Esocoff designed project in Brookland to replace Colonel Brooks Tavern, by Washington DC based Menkiti Group

The project has had a sometimes-rocky road to fruition, though, as community groups feared the new building would usurp the intimate scale of Brookland's commercial strip.  In deference to these concerns, developers revised their plans to shrink the new building's footprint by 12%, reducing its footage down to 197,000 from an original estimate of 220,000 s.f.  The development will also create 150 below-grade parking spaces and 66 bicycle parking spaces, as well as much wider sidewalks, thanks to 15-foot setbacks.

architectural plans for the Brookland real estate development in Washington DC
While the tavern will certainly be missed, tavern owner Jim Stiegman has said that business dried up after the tragic robbery/murders in 2003, essentially forcing him to sell.  Rumor has it that Stiegman proactively approached the Menkiti Group about development, and that Horning Brothers were brought in shortly after.

Brookland has seen a surge of development as developers woke up to the potential of a walkable, small scale neighborhood in such close proximity to transit and Catholic University.  The 901 Monroe project follows on the heels of Bozzuto's $200 million Monroe Street Market project that broke ground in late 2011.

Washington D.C. real estate development news

Saturday, August 25, 2012

Your Next Place

First impressions are vital, and this duplex co-op impresses from the moment you walk in, the foyer lit from far above by a huge skylight.  It was a lot like that time I met my girlfriend's parents and refused to take my sunglasses off the entire meal (what, I was hungover!), except, you know, the complete opposite.

From the entry level you ascend to the main level, which features a huge triangular living area.  The skylit dining area is next to a wall of french doors, which open onto a panoramic view of the city.  Next to that is the superlative kitchen.  Look at that diamond-shaped, marble-topped island!  Look at the custom cupboards, the commercial-grade appliances, the six-burner stove that comes equipped with a griddle!  The gap between the quality of your cooking and the quality of your kitchen will never be larger.  There's also a beautiful study, for your studying (just kidding, being an adult means not ever learning anything ever again), and a truly fine master bathroom that's far too nice for the disgusting things you're going to do in there.

The unit comes with a parking space (indispensable in Adams Morgan) and storage.  Also, the prospective owner will have the rights to build a private roof deck.  I don't know about you, but designing and building your own roof deck sounds like a no-brainer.  I'd just cover the entire roof with Slip-n-Slide material, put up a padded barrier around the edge's perimeter, and let loose.  Yes, I'm 33 years old.

2370 Champlain St. NW #34
3 Bedrooms, 2.5 Baths

Friday, August 24, 2012

Clarendon Project Underway

Clarendon is on its way to getting yet another apartment building. Zom Inc., which is developing USAA Real Estate's parcel at 1200 N. Irving Street in Arlington, finally began construction earlier this month on a 10-story apartment building with ground floor retail that will front both N. Irving Street and Washington Boulevard. The project was designed by Esocoff & Associates.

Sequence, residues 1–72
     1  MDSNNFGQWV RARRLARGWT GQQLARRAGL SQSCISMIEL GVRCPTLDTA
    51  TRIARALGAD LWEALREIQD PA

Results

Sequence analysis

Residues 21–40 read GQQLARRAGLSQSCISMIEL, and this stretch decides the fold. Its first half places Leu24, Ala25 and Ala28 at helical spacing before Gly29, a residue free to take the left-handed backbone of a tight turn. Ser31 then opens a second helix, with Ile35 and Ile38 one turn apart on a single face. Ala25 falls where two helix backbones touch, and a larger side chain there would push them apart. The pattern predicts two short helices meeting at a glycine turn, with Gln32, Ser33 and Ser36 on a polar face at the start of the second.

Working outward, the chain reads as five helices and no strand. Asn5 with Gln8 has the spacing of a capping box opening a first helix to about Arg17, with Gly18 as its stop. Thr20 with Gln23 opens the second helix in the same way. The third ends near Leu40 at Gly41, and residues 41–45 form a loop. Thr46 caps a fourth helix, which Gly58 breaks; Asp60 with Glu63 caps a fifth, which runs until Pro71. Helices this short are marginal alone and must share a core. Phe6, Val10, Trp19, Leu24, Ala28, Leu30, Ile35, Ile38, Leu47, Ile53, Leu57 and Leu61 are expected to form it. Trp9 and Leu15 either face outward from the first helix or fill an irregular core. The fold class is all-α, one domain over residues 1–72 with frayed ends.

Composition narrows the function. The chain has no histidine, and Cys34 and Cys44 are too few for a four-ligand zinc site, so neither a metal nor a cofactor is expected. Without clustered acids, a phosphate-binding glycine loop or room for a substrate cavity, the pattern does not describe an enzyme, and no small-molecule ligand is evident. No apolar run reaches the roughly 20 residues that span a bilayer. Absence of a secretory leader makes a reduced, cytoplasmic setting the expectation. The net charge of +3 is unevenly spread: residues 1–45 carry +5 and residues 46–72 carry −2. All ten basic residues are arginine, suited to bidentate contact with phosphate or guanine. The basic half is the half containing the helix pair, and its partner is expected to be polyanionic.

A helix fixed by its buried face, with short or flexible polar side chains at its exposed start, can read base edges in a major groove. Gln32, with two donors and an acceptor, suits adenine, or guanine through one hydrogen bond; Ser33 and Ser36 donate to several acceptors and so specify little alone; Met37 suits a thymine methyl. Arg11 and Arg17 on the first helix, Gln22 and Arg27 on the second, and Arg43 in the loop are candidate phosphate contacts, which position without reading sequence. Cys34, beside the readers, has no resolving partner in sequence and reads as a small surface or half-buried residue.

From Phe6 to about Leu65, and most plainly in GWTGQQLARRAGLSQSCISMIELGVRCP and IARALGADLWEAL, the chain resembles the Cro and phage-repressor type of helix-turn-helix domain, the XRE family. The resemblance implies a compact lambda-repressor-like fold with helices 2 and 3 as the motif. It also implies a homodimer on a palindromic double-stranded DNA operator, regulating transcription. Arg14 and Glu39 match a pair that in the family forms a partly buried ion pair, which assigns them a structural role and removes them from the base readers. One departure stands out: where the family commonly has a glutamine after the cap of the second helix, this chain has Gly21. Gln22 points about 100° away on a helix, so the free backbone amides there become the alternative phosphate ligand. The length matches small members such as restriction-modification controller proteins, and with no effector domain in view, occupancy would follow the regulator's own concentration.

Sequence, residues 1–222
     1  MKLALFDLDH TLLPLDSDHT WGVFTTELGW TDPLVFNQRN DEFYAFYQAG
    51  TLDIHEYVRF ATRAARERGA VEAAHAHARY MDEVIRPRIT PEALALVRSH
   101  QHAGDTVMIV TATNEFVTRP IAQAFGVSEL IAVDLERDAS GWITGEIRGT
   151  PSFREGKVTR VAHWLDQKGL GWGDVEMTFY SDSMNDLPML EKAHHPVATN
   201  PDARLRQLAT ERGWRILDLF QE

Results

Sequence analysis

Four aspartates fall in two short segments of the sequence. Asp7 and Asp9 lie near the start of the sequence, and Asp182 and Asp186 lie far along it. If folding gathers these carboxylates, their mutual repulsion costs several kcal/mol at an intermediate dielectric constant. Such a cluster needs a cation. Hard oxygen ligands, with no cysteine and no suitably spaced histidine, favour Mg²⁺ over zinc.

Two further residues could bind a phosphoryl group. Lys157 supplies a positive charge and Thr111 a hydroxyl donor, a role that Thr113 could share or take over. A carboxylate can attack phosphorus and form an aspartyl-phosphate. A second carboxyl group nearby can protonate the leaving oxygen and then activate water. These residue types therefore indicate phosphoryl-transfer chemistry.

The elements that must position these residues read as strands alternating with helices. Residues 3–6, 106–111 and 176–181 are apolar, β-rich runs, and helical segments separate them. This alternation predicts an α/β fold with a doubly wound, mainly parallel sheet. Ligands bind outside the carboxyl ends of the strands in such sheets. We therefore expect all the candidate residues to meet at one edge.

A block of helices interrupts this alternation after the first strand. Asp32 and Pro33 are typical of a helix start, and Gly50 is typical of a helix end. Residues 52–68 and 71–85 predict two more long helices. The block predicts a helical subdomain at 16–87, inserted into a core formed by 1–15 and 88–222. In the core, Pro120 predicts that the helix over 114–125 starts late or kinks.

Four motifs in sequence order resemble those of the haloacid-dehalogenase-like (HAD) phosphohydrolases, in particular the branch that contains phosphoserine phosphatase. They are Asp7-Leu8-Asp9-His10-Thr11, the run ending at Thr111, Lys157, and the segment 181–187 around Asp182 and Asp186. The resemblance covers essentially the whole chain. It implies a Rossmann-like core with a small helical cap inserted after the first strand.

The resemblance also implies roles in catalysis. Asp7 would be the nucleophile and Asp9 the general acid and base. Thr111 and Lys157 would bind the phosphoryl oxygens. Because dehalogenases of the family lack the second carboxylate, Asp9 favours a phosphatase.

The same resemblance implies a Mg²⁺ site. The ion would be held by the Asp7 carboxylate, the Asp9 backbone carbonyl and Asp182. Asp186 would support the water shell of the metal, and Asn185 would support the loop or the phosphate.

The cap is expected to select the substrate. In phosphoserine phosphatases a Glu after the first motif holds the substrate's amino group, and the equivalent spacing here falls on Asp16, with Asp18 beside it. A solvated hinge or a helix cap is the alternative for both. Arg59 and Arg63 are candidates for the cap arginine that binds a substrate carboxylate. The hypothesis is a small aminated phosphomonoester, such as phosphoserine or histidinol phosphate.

Formerly known as The Waverly at Clarendon Station, the development has now been christened The Beacon at Clarendon West, according to Greg West, chief development officer for the Florida-based Zom. "We’ve revised the design and rebranded the project," he said.

The company's original condo concept is off the table. Instead, the project will include 187 one- and two-bedroom units averaging 850 square feet, each with de rigeur hardwood floors, granite countertops and stainless steel appliances. About half will have balconies, and a rooftop pool is included in the package.

The building will have "a very unique and interesting radius shape," said West. In part, that curvilinear facade is designed to take advantage of the lot's outline. On the ground floor, lining both N. Irving Street and Washington Boulevard - but not the corner itself - will sit 17,000 square feet of space designed for retail. Zom has hired Asadoorian Retail Solutions to fill the spaces, but West claims the development partners have not decided on a specific mix of types. "We have a lot of flexibility as to the size and variety of what we can take," he said. "We just want to find the best tenants who will provide a good amenity value to the building."

Construction of the project, which is being done by Donohoe Construction, is beginning with a major excavation to make room for two floors of underground parking. The development, which will incorporate an historic facade that’s still on the property, should be finished in about two years.

The site, located two blocks from the Clarendon Metro station, has a fairly long history. Zom bought it from Faison in 2006 but the property lay empty for several years. In 2011, USAA bought the property and is developing it together with Zom.

The partners are also involved in a second Arlington venture, located at 1919 Clarendon Boulevard in Courthouse. The Clarendon Boulevard project, which is also currently under construction, is similar to the N. Irving Street one: although it's five stories rather than 10, the development includes 191 high-end apartments and another 17,000 s.f. of ground floor retail. Asadoorian is screening tenants for that property as well. "We'll be selecting retailers soon," said West.

Arlington Virginia real estate development news